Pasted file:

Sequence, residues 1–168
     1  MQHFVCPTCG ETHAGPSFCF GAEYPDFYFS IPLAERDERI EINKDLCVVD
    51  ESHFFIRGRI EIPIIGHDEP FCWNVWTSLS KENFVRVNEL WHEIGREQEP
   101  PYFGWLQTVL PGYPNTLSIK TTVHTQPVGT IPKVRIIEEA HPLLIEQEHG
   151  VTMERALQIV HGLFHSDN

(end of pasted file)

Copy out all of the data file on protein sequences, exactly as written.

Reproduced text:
Sequence, residues 1–168
     1  MQHFVCPTCG ETHAGPSFCF GAEYPDFYFS IPLAERDERI EINKDLCVVD
    51  ESHFFIRGRI EIPIIGHDEP FCWNVWTSLS KENFVRVNEL WHEIGREQEP
   101  PYFGWLQTVL PGYPNTLSIK TTVHTQPVGT IPKVRIIEEA HPLLIEQEHG
   151  VTMERALQIV HGLFHSDN